If you’re like me and you’ve spent a majority of your time in quarantine mindlessly scrolling through TikTok, you likely came across the user annaxsitar. Anna Sitar was one of the first creators I saw regularly after first joining TikTok, and I still follow her after almost a year and a half.
The best way to describe Sitar is as a “lifestyle influencer.” Her content ranges from the latest trends to inspirational pep talks, from teasing viewers with her newest relationship to simply goofing off in front of the camera. Often, Sitar’s most popular videos have to do with her coffee addiction. In a series she calls “Another Day, Another Starbies,” she tries drinks that were recommended by fans or she gives the barista full control over the recipe based around a certain “vibe,” visits her local Starbucks so frequently that the baristas know her name, and any time we viewers see these interactions on camera, Sitar greets everyone with a simple and cheerful “hi, friend!” before asking how their day is going. Regardless of each video’s content, her positivity radiates off my screen in a way that has kept me watching after all this time.
You may be thinking, isn’t Sitar just one of the countless other influencers on TikTok? What exactly makes her special? Well, you’re right about one thing — she is definitely considered an influencer. Sitar lives in Los Angeles, loves making transition videos, has millions of followers, gets to work with popular brands and goes on all kinds of fabulous trips. At the risk of bashing other creators on the app, I think Sitar’s popularity comes from more than performing 30-second dances (though dancing isn’t entirely uncommon on her page). To me, her personality is what sets her apart from the rest of her ilk; her videos document her life in a wholesome and authentic way. In fact, she seems like someone that would become my best friend, if I ever got the chance to meet her.
Sitar and I have several things in common: She was born and raised here in Michigan (she went to Western Michigan University for undergrad); she loves going to Target, just like me; and she’s a big Taylor Swift fan — anyone who knows me knows how big of a Swiftie I am. But, the biggest thing I think we have in common is the fact that we’re both hopeless romantics. Another popular series of Sitar’s is her “I don’t want it” videos, in which she creates detailed scenarios about her future family, friends and significant other. If her life isn’t filled with these exact details playing out, she doesn’t want it. These videos are what brought me to Sitar’s page in the first place, mostly because I also have a crippling addiction to imagining the future.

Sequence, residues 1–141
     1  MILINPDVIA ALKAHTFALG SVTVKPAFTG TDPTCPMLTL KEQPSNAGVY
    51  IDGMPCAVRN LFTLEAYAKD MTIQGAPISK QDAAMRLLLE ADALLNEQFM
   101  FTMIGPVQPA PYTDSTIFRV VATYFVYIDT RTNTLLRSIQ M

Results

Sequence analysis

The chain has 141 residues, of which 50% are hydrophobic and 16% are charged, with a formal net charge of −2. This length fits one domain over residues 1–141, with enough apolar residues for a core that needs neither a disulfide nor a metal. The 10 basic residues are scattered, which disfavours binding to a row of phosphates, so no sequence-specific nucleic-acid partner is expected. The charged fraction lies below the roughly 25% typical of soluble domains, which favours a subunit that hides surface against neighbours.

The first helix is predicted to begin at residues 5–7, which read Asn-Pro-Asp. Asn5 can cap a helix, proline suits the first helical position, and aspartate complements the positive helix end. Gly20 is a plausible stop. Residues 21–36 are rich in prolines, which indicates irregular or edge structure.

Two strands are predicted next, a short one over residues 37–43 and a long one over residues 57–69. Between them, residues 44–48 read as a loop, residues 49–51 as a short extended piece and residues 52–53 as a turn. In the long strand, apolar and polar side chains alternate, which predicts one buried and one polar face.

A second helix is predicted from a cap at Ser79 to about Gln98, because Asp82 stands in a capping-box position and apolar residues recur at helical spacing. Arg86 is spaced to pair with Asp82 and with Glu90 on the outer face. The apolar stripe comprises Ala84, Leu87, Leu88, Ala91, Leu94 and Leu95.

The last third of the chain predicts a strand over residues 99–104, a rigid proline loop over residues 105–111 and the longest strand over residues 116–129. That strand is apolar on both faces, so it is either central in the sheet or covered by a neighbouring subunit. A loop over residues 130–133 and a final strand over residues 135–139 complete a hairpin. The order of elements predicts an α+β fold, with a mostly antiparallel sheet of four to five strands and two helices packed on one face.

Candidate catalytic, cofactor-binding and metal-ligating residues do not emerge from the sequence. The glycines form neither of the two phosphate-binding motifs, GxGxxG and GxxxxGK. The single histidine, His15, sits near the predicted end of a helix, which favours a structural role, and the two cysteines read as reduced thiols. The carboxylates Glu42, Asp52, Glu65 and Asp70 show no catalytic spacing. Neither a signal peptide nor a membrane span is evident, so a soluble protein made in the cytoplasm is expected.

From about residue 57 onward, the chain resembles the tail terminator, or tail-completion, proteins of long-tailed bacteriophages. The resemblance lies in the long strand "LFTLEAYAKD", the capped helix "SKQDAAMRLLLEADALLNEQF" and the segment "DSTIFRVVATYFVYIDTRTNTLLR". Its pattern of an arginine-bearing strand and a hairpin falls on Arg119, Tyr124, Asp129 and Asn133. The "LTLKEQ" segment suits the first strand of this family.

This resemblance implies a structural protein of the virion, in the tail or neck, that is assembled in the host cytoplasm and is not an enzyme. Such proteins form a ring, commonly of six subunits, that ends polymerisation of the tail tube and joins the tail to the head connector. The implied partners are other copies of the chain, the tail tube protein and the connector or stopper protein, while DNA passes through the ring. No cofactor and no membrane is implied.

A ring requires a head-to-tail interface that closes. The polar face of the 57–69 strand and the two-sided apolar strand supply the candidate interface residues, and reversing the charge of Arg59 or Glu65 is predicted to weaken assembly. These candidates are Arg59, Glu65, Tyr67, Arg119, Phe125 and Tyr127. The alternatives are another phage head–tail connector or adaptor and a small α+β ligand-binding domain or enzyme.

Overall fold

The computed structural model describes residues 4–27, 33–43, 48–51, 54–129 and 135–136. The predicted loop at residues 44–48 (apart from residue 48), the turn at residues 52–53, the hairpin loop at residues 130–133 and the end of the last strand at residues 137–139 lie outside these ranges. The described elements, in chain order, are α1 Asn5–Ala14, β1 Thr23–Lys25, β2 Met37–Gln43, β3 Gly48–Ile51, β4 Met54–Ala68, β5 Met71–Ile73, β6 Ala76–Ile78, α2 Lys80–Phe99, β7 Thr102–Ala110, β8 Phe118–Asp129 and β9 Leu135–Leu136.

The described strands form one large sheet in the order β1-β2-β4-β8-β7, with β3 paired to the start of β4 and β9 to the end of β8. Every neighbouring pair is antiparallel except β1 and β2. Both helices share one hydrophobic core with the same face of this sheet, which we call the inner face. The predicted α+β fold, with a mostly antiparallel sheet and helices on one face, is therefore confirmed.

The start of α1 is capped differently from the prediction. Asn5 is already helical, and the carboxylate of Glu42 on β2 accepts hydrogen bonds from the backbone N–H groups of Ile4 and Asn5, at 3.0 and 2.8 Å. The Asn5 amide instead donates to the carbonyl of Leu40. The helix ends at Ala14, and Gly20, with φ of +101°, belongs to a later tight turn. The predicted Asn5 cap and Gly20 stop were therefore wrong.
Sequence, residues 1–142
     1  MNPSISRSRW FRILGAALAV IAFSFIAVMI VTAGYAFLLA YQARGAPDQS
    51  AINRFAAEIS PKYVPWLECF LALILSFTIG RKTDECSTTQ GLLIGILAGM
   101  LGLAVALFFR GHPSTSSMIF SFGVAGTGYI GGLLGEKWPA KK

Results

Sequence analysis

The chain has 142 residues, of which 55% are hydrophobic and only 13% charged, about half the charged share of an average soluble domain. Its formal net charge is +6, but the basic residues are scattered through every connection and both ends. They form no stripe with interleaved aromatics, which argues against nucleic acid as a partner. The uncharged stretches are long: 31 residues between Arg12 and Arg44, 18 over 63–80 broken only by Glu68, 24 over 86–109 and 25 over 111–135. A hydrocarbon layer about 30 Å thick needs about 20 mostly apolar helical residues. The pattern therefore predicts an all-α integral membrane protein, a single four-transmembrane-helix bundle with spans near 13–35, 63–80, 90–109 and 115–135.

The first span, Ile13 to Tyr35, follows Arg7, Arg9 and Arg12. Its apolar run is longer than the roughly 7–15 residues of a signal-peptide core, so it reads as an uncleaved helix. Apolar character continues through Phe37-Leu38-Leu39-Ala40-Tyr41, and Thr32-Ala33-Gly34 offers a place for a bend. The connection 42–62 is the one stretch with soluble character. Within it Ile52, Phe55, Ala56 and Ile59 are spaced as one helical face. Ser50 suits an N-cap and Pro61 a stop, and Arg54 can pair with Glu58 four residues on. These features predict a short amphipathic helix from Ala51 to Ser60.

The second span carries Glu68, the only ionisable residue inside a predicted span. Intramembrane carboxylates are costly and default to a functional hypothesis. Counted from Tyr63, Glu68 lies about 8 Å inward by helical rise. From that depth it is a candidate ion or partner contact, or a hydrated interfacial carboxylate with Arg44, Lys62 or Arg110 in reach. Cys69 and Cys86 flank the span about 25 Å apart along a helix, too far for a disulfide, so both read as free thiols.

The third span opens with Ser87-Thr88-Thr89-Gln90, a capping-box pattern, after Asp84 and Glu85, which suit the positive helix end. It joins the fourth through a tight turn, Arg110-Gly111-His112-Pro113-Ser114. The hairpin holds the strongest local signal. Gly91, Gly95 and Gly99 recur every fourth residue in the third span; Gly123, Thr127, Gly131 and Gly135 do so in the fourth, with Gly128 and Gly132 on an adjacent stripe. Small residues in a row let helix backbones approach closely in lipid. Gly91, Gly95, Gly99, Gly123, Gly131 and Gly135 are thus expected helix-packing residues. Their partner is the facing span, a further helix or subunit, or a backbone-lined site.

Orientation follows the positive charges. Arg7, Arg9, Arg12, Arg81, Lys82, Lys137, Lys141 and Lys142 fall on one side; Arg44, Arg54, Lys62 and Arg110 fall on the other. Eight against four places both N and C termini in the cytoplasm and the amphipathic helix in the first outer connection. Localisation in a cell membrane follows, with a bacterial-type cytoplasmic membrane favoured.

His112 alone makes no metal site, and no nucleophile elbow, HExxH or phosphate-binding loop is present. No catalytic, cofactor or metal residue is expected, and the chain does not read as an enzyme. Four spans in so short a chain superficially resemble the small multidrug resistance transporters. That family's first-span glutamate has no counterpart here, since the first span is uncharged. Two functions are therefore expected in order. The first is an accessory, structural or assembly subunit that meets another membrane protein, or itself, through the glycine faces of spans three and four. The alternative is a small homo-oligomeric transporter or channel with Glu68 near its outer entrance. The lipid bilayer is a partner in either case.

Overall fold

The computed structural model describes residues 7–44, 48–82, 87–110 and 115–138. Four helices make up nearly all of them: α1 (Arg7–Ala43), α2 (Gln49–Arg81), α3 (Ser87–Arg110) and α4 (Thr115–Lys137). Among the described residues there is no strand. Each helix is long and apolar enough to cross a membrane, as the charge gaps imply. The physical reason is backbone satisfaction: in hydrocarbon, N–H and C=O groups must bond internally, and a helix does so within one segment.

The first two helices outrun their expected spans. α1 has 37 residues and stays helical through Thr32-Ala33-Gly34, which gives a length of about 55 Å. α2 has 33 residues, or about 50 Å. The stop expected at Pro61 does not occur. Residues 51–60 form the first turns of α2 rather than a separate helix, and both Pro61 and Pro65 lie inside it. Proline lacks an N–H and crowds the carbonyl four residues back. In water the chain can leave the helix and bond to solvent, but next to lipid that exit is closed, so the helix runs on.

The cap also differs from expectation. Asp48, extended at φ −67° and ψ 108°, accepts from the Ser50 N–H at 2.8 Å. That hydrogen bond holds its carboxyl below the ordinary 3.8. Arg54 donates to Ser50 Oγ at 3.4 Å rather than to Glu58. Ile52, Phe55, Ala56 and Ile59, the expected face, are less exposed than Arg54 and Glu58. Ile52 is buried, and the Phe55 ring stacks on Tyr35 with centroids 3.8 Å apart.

Perhaps because we are so alike, I think I could learn a thing or two by being friends with Sitar, as there is a lot that I admire about her. First, she is always pushing herself to learn new things. She graduated from college with a degree in mechanical engineering and uses that degree in varying projects like building attachments for her car or remodeling her home. She’s also vocal about the importance of women in STEM fields, having been one of few girls in the majority of her engineering classes. Yet at the same time, she isn’t afraid to follow her passions — she’s currently working toward a master’s degree in film production. I am currently going after my dream career too (after a long time going back-and-forth about whether or not it was worth it), so seeing someone else taking that same plunge is encouraging.
I must not be the only one who has something to learn from Sitar, because she’s been making videos with the sole purpose of offering advice to her viewers. One recent series that gained a lot of positive traction was “Anna’s guide to feeling better after a breakup,” in which Sitar documented much of what she was feeling after her long-term relationship ended. Not only did these videos emphasize the importance of healing, they were also a refreshing break from all of the constant positivity. Life isn’t happy all the time, and Sitar allows audiences into her journey of accepting that herself. I don’t believe that Sitar was fishing for sympathy, but instead simply striving for authenticity. Having these kinds of reminders make it easier to relate to her, and not just be jealous of her.
Looking at the list of people I follow on TikTok, very few are “verified” big creators. Usually their content doesn’t match up with the videos I typically engage with, or even worse, I hardly ever see them on my “For You” page at all (through no fault of their own), which leads to me unfollowing. Sitar is clearly doing something right, as she’s kept me following her for this long. She may be catering to a much larger audience than any of my own videos do, but she has a way of presenting herself as a friend or older sister figure that I can easily connect with, and I’m sure I’m not the only one of her followers who feels this way.
Daily Arts Writer Hannah Carapellotti can be reached at firstname.lastname@example.org.